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‘Shit End of the Stick’
Nazi SS versus Vietcong: The Deadliest Warrior 2-5


The anti-communist SS get a lot of evil billing from the caste and narrator, including an apology for not discussing ideology from the lead tester. I’m wondering if, five years later this episode could even have been made without a disclaimer and a lecture as to the relative goodness of the Viet Cong and the abject evil of the SS. The overall sense one gets from the editing job, discussion and voice over is that fascist fanatics killing American GIs is evil and that communist fanatics killing American GIs is morally good. This seems to be the only episode, thus far in the series, that got away from combat functionality and into morale judgment, if only in passing. I recall the term Evil being used often in this episode, but not in others, when, in essence, what many of these warrior types did historically is evil from an objective modern perspective. This does point to the dilemma built in to examining recent history and wars that retain narrative traction in popular media.

Jeff looked like he was going to puke over the punji sticks.

I like that the weapon selection for the Viet Cong was from the earlier portion of the war and that the SS selection was not as heavy as it could have been. They didn’t put in the MG-34 or 42, but used a lighter kit that would have been used for counter-partisan operations.

I also like the fact that the submachine gun shooting tests were done in the other party’s theater of war, with the SS trooper firing on a Viet Cong hooch and the VC shooter firing on a D-Day beach mock-up. The submachine is such a fascinating weapon to me as it was pretty much confined to the mid-20th century as a transitional small arm. The German machine pistol was fascinating and the mines simply disgusting. The landmine seems to me to be the signature of the machine age battlefield, which, in many ways has pushed the warrior away from the center-point of war to its fringe.

The entire episode stayed with firearms and explosives, which I am not qualified to comment on. This episode was fascinating and mildly informative.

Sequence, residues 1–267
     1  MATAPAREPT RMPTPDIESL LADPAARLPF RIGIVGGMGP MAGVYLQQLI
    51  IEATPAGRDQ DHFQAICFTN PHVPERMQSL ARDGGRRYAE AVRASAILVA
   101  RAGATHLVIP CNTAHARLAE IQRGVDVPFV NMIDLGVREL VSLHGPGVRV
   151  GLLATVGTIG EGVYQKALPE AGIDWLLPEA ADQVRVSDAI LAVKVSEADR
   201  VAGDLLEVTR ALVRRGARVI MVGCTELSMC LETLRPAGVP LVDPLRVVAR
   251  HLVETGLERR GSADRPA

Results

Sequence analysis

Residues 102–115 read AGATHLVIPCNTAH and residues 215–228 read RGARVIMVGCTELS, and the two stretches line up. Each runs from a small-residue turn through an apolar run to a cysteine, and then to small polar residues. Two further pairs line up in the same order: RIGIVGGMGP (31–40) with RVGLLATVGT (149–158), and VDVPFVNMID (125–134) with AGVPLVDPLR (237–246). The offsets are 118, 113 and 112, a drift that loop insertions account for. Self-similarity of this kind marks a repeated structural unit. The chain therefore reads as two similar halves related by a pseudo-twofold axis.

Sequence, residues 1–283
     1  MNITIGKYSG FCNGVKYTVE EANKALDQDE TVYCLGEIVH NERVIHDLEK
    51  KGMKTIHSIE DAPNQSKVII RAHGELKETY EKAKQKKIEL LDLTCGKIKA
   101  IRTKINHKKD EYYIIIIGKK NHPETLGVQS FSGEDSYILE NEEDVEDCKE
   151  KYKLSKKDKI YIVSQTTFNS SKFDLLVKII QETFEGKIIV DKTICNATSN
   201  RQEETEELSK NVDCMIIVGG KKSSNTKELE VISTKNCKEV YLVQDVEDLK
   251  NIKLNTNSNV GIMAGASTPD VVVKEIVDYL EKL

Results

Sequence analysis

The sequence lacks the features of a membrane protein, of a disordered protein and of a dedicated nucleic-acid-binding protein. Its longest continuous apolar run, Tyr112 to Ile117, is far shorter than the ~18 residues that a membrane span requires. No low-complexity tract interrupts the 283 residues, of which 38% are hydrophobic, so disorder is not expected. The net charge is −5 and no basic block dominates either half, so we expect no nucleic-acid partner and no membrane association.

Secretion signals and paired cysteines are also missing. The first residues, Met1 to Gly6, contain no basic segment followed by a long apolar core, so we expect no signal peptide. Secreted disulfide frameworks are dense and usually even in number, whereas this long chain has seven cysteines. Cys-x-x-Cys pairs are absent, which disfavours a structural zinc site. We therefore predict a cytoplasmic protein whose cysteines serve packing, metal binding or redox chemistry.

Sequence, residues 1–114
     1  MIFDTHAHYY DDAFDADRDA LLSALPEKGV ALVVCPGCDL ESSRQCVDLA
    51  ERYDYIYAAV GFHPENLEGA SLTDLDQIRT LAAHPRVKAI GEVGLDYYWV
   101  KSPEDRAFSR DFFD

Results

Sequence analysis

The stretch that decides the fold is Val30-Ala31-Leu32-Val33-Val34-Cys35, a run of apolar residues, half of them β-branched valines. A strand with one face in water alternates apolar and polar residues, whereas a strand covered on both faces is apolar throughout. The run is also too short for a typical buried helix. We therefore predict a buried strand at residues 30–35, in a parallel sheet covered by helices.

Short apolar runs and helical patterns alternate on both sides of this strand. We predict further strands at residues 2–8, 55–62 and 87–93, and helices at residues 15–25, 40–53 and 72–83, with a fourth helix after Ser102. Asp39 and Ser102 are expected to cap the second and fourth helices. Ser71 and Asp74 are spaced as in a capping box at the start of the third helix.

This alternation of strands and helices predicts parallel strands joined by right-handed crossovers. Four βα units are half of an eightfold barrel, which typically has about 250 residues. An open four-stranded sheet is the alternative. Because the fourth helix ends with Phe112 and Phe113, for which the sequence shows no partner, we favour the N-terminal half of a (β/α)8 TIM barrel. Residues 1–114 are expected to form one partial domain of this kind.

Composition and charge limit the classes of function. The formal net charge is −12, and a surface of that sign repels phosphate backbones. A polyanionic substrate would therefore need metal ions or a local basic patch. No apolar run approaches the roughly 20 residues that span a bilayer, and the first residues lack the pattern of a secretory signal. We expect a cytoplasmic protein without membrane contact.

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BDecember 18, 2016 4:58 PM UTC

>The overall sense one gets from the editing job, discussion and voice over is that fascist fanatics killing American GIs is evil and that communist fanatics killing American GIs is morally good.

Speaking of which, I recommend watching these interviews with Anthony Sutton:

https://youtu.be/j3vZNSAi-QM

https://youtu.be/L_YWFC1HY74

All three were, historically speaking, puppets.

The VC at least had the justification of fighting for their nation's land (albeit to impose a system that most of their countrymen were not in favor of.)

The GI at least had the justification that the people they were fighting were objectively serving pure evil.

The SS guys had started out as scum, getting assigned jobs that the Wehrmacht could not be trusted to do. The 1st SS Cavalry Division, for instance, would report things like "eliminated 10,000 partisans, captured 60 weapons" in the summer of 1941. Due to their cruelty and their bosses' incompetence (and cruelty, of course), they got the chance to actually defend their Fatherland from Communist invaders, years later.

>The submachine is such a fascinating weapon to me as it was pretty much confined to the mid-20th century as a transitional small arm.

I carried an M3 Grease Gun in Afghanistan in 2011 as an outside the wire contractor. As a defensive weapon, it was ok. By the time anyone realized I was not a local, they would have been close enough.

Going through Afghan Army checkpoints was the scariest part, since those guys were unpaid and not local, and could easily take everything you owned including weapons and armor, and throw you in jail for objecting. Mostly got around them. Went through one once, though, and the soldier was a Tajik. I let my Baluchi partner do the talking.

"Get out of the car."

"Why?"

"We want to search it."

"For what?"

"To see if you have weapons."

(laughing) "OF COURSE we have weapons!" (gestures at me, I crack up and show the guy the stock peeking out from under my jammies)

"...okay, have a good day, guys."

> The landmine seems to me to be the signature of the machine age battlefield, which, in many ways has pushed the warrior away from the center-point of war to its fringe.

Nah, it was always thus. Mutual combat is always least preferred. If you can kill the enemy in some easy and dirty way, that's the way to go.

Look at what the French and Indians did to Braddock.